SCIENCE & TECHNOLOGY EDUCATION: Posters and lesson plans bring optics to the classroom

Dec. 21, 2007
The OSA's Optical Phenomena Poster Series sparks discussion in classrooms around the globe.

Science & Technology Education
Spotlight on inspiring the next generation of scientists and business leaders

GRACE KLONOSKI

"Did you know the word LASER is an acronym?" "Have you ever seen light traveling through the inside of a flower?" "Did you know that light can be used to detect disease?" "Have you ever noticed the colors reflected off a simple soap bubble?"

Using this group of questions to grab the attention of students, parents and educators, the Optical Society of America [OSA] has launched its newest educational outreach tool: the Optical Phenomena Poster Series, a group of four educational posters and supplemental pamphlets created to pique the interest of middle school through college-age students in physics utilizing the principles of optics.

Each poster highlights a different field in optics: laser science, fiber optics, biomedical optics and spectroscopy. The accompanying pamphlets feature easy-to-implement experiments, definitions of scientific terms, career profiles, and additional resources directly related to the poster images.

The Laser Science Pamphlet invites students to imagine a light beam as powerful as all the electric power plants in the world put together, focused into a beam the diameter of a pin, but for just a few millionths of a millionth of a second. Students are asked to consider, "What would it do? How would you produce such a light beam?" The pamphlet then offers a simplistic description of how a laser is made and the enegy required.

The Fiber Optics Pamphlet illustrates how researchers can use this technology to examine minuscule details of a flower and learn more about its structure and physical properties. It explains that fibers also can be used to carry information in much the same way a copper wire can transmit electricity. But while copper transmits only a few million electrical pulses per second, an optical fiber can carry as many as 20 billion light pulses per second. This means phone, cable and computer companies can handle huge amounts of data transfers at one time, many more than conventional wires can carry.

The Biomedical Optics Pamphlet highlights the work that scientists, engineers and doctors around the world are doing to develop the next generation of devices that will allow physicians and medical researchers to understand, detect and treat human diseases in a painless and noninvasive way. One example is an imaging method that allows for a highly detailed examination of the structure and characteristics of red blood cells. Similar approaches allow doctors to detect tiny changes that occur when diseases such as cancer or atherosclerosis (heart disease) are forming, without the need to perform a biopsy and without any side-effects.

The Spectroscopy Pamphlet uses the image of light waves bouncing off a film of liquid soap to explain how light waves travel through substances and interact with one another to produce color. By understanding this phenomenon, scientists are able to measure even the smallest differences in thickness. "How small?" the pamphlet asks. "Think about this. If you could split a hair from your head (100 micrometers) into five thousand different slices (20 nanometers), the colors reflected would allow scientists to determine the differences in slices down to one ten-thousandth (100 nanometers) of a millimeter."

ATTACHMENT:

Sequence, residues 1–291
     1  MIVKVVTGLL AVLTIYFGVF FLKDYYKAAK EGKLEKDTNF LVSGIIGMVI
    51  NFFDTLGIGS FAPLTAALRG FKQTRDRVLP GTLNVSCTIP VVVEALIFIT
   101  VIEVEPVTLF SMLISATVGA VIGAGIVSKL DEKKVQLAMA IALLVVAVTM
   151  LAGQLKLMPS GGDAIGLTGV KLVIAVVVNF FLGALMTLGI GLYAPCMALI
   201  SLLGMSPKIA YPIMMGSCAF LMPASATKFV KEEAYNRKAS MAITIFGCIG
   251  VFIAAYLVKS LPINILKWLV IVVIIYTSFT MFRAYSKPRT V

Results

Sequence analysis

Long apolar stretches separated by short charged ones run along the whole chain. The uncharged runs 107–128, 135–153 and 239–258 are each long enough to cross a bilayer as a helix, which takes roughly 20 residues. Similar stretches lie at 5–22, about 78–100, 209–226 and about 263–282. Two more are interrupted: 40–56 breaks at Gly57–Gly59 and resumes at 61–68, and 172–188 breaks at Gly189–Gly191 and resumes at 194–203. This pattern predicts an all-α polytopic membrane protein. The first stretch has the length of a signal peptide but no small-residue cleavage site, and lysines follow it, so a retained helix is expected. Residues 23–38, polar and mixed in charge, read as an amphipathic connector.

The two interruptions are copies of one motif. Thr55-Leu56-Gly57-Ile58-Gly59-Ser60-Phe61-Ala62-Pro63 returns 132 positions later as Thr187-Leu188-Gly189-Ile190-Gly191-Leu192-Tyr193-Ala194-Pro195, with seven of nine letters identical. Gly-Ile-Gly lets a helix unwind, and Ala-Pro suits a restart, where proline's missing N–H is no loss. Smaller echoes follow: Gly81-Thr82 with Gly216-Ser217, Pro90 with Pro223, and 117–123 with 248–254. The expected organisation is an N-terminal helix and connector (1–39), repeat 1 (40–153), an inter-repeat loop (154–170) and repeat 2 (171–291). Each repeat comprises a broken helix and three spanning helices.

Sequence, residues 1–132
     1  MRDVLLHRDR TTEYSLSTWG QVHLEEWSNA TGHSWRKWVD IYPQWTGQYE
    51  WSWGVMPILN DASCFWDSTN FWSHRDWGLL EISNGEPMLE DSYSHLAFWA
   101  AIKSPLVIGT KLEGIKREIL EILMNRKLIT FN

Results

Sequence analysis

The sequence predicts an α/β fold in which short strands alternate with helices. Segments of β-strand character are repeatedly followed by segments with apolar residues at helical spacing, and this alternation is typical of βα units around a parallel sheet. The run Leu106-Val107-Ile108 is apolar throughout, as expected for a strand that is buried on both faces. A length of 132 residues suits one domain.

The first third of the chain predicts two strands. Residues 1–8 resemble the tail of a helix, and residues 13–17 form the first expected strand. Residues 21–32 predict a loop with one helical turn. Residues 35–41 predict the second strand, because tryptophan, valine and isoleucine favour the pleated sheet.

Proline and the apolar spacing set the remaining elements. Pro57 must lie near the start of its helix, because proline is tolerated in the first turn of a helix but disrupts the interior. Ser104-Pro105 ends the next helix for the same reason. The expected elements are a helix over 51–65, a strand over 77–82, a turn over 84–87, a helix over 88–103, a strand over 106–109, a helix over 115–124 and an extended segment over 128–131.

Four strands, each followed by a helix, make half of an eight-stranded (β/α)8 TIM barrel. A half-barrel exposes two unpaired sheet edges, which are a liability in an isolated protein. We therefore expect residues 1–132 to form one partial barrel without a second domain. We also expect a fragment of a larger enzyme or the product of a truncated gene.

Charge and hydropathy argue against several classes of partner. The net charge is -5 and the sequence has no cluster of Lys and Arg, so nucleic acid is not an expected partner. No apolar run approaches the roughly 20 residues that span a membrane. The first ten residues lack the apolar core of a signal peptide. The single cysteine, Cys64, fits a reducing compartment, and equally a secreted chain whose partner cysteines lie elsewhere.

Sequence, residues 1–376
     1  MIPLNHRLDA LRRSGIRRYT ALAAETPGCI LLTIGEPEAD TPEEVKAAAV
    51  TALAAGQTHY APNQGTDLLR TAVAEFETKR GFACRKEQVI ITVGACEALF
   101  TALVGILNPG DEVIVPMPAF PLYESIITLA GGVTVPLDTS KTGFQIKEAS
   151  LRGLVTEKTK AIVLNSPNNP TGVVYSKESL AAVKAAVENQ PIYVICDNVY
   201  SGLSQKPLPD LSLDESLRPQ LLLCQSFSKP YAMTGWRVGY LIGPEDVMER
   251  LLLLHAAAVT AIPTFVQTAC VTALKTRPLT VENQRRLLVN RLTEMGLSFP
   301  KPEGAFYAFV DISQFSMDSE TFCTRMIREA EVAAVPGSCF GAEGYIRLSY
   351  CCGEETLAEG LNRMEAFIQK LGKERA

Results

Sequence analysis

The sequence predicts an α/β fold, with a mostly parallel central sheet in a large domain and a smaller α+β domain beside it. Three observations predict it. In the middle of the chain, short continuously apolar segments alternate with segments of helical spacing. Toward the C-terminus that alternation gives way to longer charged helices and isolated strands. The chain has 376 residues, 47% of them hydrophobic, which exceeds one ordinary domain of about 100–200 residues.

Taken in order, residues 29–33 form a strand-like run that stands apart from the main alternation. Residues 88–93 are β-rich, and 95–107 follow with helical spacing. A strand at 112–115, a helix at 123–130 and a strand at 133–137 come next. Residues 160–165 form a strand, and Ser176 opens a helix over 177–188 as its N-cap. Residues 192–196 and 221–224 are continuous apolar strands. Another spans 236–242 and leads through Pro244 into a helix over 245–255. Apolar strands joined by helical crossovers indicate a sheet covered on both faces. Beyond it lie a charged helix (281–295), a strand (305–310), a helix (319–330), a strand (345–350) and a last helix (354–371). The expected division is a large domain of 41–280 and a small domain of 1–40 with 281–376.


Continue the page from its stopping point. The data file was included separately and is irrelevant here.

"Educational outreach is one the most important and significant ways OSA supports local communities and inspires tomorrow's young scientists," said Elizabeth Rogan, OSA executive director. "We'd love to see these posters displayed in classrooms, laboratories and school hallways around the globe as a means of exciting and educating students about physics and the science of optics. We hope that the availability of these materials will encourage teachers to include an exploration of light as part of the physics curriculum."

More than 15,000 posters have been distributed to students and educators in eight countries and OSA is making them available at no cost upon request. To receive copies of the posters, contact OSA at [email protected]. The pamphlets are available for download from the Education Section of the OSA website.

The poster series was created by the Education Subcommittee of the OSA Membership and Education Services Council (MES). Members of the MES Council considered 12 images from the Optics and Photonics News (OPN) AfterImage Library before selecting the final four. Education Subcommittee volunteers then drafted the text for the posters and pamphlets. Assistance and support for the project was received from the American Association of Physics Teachers, the National Center for Optics and Photonics Education, and the William F. and Edith R. Meggers Project Award of the American Institute of Physics.

Plans for the next poster series are already under way. An image submission process will begin in October 2008. OSA plans to launch the next series in September 2009.


GRACE KLONOSKI is the senior director of Foundation and the Member & Education Services for the Optical Society of America, 2010 Massachusetts Ave, NW, Washington, DC 20036; e-mail: [email protected]; www.osa.org.

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